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Gilles Nuytens

Bill Dow interview (2)

Date of publishing: 5th April 2006

Bill Dow interview - Dr. Lee Stargate SG-1 Bill Dow is an award winning actor and director (and occasional writer) in theatre, film, and television, with scores of credits over a long and varied career. Currently appearing in two hit television series, Bill Dow is a versatile and sought after performer. As Dr. Lee on STARGATE SG-1 he is the passionate, though sometimes slightly befuddled man of science who does his best to assist the warriors of Stargate Command; while on Da Vinci's Inquest, the award winning Canadian Drama, he plays Russ Hathaway, the mayor of Vancouver.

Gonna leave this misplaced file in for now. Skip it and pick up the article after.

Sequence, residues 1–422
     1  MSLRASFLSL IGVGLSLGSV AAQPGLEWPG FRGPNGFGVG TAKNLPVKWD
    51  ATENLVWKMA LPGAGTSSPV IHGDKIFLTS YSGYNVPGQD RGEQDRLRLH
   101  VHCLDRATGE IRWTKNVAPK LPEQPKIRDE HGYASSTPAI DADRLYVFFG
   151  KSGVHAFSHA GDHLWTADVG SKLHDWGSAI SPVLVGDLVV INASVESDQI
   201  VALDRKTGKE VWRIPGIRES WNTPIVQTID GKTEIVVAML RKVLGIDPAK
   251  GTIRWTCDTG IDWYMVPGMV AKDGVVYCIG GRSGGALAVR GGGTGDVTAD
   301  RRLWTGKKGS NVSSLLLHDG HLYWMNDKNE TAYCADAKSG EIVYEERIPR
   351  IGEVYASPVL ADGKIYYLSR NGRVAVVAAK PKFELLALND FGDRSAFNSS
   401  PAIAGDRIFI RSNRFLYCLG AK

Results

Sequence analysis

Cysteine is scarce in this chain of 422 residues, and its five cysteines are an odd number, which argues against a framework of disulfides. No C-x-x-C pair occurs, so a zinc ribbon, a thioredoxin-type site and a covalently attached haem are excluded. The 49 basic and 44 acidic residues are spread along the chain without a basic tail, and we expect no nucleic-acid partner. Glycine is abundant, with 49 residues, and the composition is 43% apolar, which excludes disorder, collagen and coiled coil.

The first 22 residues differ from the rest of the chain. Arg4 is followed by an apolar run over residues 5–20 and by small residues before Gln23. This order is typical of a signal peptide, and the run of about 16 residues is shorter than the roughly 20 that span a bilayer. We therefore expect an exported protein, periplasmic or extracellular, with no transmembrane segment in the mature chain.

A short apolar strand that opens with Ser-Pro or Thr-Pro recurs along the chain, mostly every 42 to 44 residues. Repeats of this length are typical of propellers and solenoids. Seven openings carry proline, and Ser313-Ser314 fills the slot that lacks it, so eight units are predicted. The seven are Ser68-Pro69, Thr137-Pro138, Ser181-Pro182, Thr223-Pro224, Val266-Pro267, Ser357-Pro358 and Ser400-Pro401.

Don't forget to visit his official website that I build for him: www.billdow.net
This interview was conducted by UgzY during Chevron 1 Convention in Paris in December 2005.

You can also listen and download this interview.
Download the audio interview by clicking here (Zipped WAV file)
Disclaimer: Please, do not direct link to this file, link to the page ONLY.


TSW: How did you get your start as an actor? What led you to take your life in that direction?